Free Weed For Veterans
Many are surprised to learn that Alaskans gained the right to use medical marijuana in 1997 — 18 years ago. Even more surprising is that despite Alaska’s long-standing legalization of medical cannabis, there are still no state-licensed dispensaries. On top of that, the state only recognizes six diseases as qualifying for medical treatment with cannabis. In short, it’s difficult to get medical herb in Alaska, despite the laws. In response to this asymmetry, several nonprofit groups are stepping up. They have started delivering free cannabis to veterans and patients in need. It’s like the weed version of Meals on Wheels.
One of the groups has taken to calling themselves the Alaska Green Angels, which was co-founded by Darby Andrews, and two others. They’re taking the “crowd-sourcing” phenomenon and adapting it to medical cannabis. Green Angels, a Facebook group that delivers pot to “angels in need,” is an interactive group that connects those in need with those that have and want to share.
Andrews cited the lack of dispensaries and lack of doctors willing to prescribe MMJ as roadblocks to patients in need of medical marijuana.
“It’s like said ‘sure, go ahead, you can have it but you can’t buy it, sell it, or transport it,’” said Andrews. “It’s just supposed to magically appear.”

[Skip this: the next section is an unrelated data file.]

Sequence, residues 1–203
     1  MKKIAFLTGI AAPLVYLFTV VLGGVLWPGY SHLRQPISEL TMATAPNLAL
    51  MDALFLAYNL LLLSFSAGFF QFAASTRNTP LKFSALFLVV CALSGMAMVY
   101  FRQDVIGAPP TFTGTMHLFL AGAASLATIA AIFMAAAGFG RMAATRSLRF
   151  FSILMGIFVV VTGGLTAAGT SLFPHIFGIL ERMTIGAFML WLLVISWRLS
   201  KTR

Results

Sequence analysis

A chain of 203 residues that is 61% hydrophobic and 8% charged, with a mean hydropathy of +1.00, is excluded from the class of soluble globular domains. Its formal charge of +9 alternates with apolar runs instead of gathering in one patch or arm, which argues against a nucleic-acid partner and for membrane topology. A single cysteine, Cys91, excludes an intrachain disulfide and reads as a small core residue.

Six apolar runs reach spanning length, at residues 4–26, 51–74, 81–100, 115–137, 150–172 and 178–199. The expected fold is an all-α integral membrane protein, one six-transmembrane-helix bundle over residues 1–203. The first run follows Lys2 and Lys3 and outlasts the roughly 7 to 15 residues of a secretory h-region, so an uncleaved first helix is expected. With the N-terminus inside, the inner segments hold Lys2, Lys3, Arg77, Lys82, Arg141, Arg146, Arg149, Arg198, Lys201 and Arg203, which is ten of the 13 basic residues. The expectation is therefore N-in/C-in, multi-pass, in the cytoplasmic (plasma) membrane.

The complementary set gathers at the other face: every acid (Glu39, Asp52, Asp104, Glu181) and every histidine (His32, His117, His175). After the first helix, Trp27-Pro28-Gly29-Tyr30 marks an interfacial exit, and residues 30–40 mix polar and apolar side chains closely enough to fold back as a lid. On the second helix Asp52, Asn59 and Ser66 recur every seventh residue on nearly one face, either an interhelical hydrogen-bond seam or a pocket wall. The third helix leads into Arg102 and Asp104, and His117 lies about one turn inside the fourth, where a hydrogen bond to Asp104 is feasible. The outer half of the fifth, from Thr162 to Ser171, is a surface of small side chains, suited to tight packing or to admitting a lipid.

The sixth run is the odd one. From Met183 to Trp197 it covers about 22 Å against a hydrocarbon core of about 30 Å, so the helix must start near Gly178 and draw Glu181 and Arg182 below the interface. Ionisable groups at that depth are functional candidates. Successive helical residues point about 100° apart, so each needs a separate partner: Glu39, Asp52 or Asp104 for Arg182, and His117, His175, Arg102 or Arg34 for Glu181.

The premise of Green Angels is simple: post a need for cannabis and one of the group’s 400 members will respond and deliver it, free of charge. At first, Andrews and the other founders were the primary donors and only catered to a small group they knew personally. They couldn’t foresee that in just one year, the operation would take on “a life of its own.”
The effort is a group collaboration. A crew of about 10 people work on cultivating strains of medical cannabis, while other volunteers provide technology, equipment, or raw materials for making edibles. The Green Angels aren’t the first group to attempt to provide medical marijuana for Alaska’s veterans and the sick.
In previous years, other Alaskan groups offered technically “free” pot, but required a donation. Since they were accepting money in exchange for “free” weed, they violated Alaska’s medical cannabis laws, prompting authorities to shut them down. The Green Angels, by contrast, have eliminated the issue of monetary exchange.
Dakota Davis, a Navy veteran honorably discharged due to Crohn’s disease, received his first free cannabis from a stranger who responded to his post. Davis, 26, had never used pot before; he didn’t like the “black market thing,” he told the Alaska Dispatch, until he got connected with the Alaska Green Angels. “These guys have been helping me out tremendously,” said Davis who uses cannabis to alleviate nausea brought on by chemotherapy he undergoes for Crohn’s.